Why was it a big deal at the time? For a while, it seemed like Joss Whedon would be a respected, in-demand screenwriter, but not the industry giant he’d eventually become. A writer on Roseanne, he graduated to doing punch-ups for big Hollywood projects like Waterworld and Twister. But once he decided to turn his 1992 movie Buffy the Vampire Slayer — he’d penned the screenplay — into a TV series in the late '90s, Whedon established himself as an auteur of smart, thoughtful genre shows that viewers embraced with an almost religious devotion.
“I designed Buffy to be an icon,” he said in 2001, “to be an emotional experience, to be loved in a way that other shows can’t be loved... I wanted people to internalize it, and make up fantasies where they were in the story, to take it home with them, for it to exist beyond the TV show.”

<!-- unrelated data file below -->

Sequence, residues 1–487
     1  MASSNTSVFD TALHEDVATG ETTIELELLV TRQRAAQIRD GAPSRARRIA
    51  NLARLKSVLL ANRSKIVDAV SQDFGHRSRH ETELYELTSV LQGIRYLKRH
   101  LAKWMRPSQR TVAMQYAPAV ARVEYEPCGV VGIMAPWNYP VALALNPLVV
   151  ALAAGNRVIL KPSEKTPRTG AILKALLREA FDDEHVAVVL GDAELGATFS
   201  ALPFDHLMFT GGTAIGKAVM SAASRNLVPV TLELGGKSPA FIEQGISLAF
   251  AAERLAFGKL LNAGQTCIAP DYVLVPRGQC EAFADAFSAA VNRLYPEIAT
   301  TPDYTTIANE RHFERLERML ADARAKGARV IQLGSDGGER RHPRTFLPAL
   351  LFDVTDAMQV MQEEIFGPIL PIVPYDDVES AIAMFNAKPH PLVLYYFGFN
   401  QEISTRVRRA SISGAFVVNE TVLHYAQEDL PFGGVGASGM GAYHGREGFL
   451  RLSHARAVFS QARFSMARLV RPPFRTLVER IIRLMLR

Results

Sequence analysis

That fervor carried over to the Buffy spinoff Angel and then Whedon’s next show, an ambitious mixture of interstellar adventure and Old West iconography. Set in the 26th century, Firefly featured Mal and his crew as they travel around the galaxy getting into scrapes. (Whedon drew inspiration from John Ford’s classic 1939 Western Stagecoach, which was also about a ragtag group of disparate individuals journeying through dangerous terrain.) Decades earlier, Star Trek had been developed as a Western in space, but Firefly amplified the retro-futuristic feel, giving the characters guns with bullets and depicting Mal as an outlaw cowboy. (In the world of Firefly, the crew operate outside the laws of the Alliance, the bureaucratic, repressive intergalactic government that Mal and others had fought in a futile civil war.)